The invention relates to a pressure generating unit, in particular a pressure generating unit that is arranged in the handpiece of a vacuum biopsy apparatus that is embodied as a type of syringe and whereby, by retracting the piston in the evacuated cylinder space when changing over to generating overpressure, the air supply is released by the position of the piston.
Such a pressure generating unit in a vacuum biopsy apparatus is known from GMS 202 04363 or GMS 20211934. The pressure generating unit is connected via a connecting line to a biopsy needle unit that is inserted into the tissue to be examined. The pressure generating unit and the needle unit are arranged parallel in the housing of a handpiece. A vacuum is generated in the needle space for removing the specimen by means of the pressure generating unit.
In order to be able to use the pressure generating unit for generating an overpressure as well, an aeration aperture is provided, and when it is released by the syringe piston, the vacuum that was generated is removed so that the air that has since penetrated can be compressed by means of the syringe piston.
Because not only the specimen is drawn into the specimen removal space by the vacuum, but also tissue fluid is drawn in, when the aeration aperture is briefly released, tissue fluid that has penetrated into the cylinder piston space can flow out into the interior of the handpiece, in particular when the pressure generating unit and/or the handpiece with the needle unit and the pressure generating unit connected thereto is in an unfavorable position. In order to prevent this, it has already been suggested to seal the aeration aperture by means of a sponge that is arranged on the exterior of the piston cylinder. However, this is not sufficient in all cases.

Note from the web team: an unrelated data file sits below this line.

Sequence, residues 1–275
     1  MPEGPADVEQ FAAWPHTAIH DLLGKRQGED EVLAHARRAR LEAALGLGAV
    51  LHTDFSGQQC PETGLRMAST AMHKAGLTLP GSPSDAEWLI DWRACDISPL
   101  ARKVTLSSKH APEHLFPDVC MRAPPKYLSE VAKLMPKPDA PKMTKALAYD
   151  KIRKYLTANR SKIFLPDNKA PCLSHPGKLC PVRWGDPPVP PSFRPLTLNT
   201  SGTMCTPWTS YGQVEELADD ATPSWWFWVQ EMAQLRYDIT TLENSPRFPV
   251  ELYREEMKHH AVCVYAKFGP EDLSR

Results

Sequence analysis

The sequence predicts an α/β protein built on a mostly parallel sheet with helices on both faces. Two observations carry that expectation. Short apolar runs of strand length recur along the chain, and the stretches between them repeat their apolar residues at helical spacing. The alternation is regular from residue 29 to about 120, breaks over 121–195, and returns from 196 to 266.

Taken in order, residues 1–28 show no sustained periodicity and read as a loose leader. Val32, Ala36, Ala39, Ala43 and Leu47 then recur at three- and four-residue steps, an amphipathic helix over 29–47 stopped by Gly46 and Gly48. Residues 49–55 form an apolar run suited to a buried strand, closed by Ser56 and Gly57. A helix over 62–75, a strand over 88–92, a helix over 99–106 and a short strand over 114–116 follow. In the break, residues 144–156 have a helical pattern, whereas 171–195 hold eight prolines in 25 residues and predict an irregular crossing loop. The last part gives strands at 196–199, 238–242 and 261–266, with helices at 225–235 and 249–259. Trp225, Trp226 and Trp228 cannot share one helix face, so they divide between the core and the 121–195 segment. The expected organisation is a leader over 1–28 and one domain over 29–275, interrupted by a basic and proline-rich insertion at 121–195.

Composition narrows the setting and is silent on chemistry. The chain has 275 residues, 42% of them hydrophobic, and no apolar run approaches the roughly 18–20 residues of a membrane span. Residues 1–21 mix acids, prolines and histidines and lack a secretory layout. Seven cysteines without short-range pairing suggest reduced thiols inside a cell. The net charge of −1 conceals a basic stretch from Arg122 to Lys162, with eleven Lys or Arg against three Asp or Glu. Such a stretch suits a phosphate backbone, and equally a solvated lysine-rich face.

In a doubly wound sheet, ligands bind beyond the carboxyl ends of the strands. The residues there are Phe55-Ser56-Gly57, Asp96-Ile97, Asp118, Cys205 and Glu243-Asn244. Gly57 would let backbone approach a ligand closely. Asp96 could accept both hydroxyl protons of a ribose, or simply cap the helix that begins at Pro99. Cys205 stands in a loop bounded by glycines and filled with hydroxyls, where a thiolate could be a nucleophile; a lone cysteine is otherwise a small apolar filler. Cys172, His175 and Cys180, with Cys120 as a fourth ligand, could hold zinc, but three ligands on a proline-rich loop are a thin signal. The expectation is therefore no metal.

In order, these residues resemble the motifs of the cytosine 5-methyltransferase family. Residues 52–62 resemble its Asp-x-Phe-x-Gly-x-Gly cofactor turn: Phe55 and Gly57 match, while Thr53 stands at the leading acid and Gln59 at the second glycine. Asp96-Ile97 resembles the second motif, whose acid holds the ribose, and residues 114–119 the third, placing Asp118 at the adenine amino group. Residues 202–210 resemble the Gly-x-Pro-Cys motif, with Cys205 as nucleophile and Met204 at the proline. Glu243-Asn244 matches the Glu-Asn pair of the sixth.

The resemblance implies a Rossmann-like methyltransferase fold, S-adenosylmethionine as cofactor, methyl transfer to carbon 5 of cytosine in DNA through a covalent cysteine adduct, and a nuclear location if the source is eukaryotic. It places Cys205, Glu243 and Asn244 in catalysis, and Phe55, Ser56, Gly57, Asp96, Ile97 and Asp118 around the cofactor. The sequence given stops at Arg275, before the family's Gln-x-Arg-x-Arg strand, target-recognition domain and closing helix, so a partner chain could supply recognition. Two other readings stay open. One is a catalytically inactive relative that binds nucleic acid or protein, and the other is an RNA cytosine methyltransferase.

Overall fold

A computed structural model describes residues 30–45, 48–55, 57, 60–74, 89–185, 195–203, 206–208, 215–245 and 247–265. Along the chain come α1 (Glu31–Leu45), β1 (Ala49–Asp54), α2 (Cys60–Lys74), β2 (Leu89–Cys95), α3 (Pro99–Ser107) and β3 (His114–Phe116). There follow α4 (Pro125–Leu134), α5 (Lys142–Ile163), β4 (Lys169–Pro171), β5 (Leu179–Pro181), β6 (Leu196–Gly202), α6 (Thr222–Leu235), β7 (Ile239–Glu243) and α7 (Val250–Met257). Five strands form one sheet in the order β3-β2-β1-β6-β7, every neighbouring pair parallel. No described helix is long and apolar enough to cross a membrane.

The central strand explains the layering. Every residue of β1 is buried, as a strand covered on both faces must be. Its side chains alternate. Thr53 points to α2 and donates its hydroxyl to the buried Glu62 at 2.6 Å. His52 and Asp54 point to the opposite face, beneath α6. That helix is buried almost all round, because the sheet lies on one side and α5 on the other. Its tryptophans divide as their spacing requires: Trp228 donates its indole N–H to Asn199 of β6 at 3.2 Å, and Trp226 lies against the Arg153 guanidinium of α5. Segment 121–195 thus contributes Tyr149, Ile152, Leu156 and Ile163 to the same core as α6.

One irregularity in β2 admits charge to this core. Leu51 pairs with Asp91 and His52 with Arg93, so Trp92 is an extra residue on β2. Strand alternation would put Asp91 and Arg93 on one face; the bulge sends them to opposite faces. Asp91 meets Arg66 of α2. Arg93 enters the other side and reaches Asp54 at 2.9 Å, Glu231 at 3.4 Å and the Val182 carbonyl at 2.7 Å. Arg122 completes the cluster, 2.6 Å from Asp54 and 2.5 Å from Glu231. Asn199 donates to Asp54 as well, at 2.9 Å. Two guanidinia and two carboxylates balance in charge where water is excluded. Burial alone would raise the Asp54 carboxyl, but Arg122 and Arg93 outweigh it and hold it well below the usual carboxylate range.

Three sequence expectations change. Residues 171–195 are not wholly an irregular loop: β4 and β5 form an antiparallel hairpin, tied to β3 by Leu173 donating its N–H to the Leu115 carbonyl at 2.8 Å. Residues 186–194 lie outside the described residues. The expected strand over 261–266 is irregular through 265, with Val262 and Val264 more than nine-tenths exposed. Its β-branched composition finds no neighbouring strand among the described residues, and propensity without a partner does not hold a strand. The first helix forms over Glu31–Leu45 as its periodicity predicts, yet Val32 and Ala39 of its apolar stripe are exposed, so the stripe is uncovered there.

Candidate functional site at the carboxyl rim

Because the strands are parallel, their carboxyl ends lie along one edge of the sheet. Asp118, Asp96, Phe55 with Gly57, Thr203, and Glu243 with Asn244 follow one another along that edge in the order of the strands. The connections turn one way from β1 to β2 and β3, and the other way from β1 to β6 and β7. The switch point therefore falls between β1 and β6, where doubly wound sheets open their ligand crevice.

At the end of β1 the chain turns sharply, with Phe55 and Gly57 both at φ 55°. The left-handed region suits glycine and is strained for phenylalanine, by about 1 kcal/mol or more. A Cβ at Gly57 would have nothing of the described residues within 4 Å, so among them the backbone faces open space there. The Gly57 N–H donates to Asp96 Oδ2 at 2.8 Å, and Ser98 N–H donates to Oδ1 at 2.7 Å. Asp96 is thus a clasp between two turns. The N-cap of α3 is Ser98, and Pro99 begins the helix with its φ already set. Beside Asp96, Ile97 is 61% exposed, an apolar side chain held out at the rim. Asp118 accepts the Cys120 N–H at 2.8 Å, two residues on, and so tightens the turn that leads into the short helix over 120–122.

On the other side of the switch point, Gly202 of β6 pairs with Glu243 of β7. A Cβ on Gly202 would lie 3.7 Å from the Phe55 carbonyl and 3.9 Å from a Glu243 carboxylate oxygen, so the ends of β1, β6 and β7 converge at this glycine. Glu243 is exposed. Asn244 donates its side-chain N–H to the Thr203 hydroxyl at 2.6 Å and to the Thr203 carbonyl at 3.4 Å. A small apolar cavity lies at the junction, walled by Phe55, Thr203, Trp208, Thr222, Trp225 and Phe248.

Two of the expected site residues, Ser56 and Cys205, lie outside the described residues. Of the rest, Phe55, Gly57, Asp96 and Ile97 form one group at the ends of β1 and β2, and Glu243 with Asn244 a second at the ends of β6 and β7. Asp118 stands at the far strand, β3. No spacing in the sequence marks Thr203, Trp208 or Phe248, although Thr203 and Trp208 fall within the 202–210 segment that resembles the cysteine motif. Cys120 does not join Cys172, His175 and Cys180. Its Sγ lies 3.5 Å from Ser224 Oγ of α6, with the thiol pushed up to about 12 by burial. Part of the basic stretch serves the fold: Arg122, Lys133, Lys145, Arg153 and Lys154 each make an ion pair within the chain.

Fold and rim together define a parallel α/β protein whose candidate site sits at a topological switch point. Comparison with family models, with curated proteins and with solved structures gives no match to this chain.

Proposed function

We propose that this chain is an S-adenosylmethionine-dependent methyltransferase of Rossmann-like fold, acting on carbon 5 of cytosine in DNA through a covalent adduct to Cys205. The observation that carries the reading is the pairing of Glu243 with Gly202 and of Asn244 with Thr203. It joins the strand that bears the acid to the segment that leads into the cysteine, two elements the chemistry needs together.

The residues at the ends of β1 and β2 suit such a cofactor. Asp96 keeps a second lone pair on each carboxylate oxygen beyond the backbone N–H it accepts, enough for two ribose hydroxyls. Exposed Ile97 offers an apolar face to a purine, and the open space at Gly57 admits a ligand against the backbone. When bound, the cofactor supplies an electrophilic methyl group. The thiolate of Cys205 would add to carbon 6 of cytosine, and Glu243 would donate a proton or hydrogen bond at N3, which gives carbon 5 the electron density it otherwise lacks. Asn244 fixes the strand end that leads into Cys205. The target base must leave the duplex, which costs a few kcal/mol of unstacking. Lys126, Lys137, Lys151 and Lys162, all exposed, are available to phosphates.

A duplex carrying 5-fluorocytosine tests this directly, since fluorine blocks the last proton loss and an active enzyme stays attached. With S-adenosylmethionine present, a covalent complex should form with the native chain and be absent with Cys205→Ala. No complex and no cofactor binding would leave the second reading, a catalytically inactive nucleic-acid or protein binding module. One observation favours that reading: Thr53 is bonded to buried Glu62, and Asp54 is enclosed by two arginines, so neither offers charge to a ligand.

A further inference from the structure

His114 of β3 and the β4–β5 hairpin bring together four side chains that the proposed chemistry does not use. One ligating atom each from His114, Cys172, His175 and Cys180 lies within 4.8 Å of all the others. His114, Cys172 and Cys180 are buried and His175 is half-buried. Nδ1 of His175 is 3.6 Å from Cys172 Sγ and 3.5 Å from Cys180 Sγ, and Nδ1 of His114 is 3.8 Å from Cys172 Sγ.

The object of the invention is, therefore, first to allow the air required for removing the vacuum to flow into the cylinder and, second, to reliably prevent outfoxing tissue fluid from contaminating the housing interior space of the handpiece.
This object is obtained by connecting the evacacuated cylinder space is connected via a connecting line to the cylinder space that is under atmospheric pressure and is on the other piston side, and by providing an absorbent element on the piston spindle.
By arranging a connection between the two cylinder spaces that are divided by the piston, whereby the connection is released or closed by the position of the piston, and by arranging an absorbent element in the cylinder space that is under atmospheric pressure, on the one hand air can flow into the evacuated part of the cylinder from outside, and on the other hand outflowing tissue fluid is drawn out of the evacuated cylinder part by the absorbent element. The length of the connection is selected so that the groove after the release of the connection for the inflow of air, the aperture of the cylinder space ending under atmospheric pressure, is over the absorbent element [sic]. This has the advantage that any tissue fluid that escapes during the brief opening of the connection is conducted directly into the element and absorbed by it.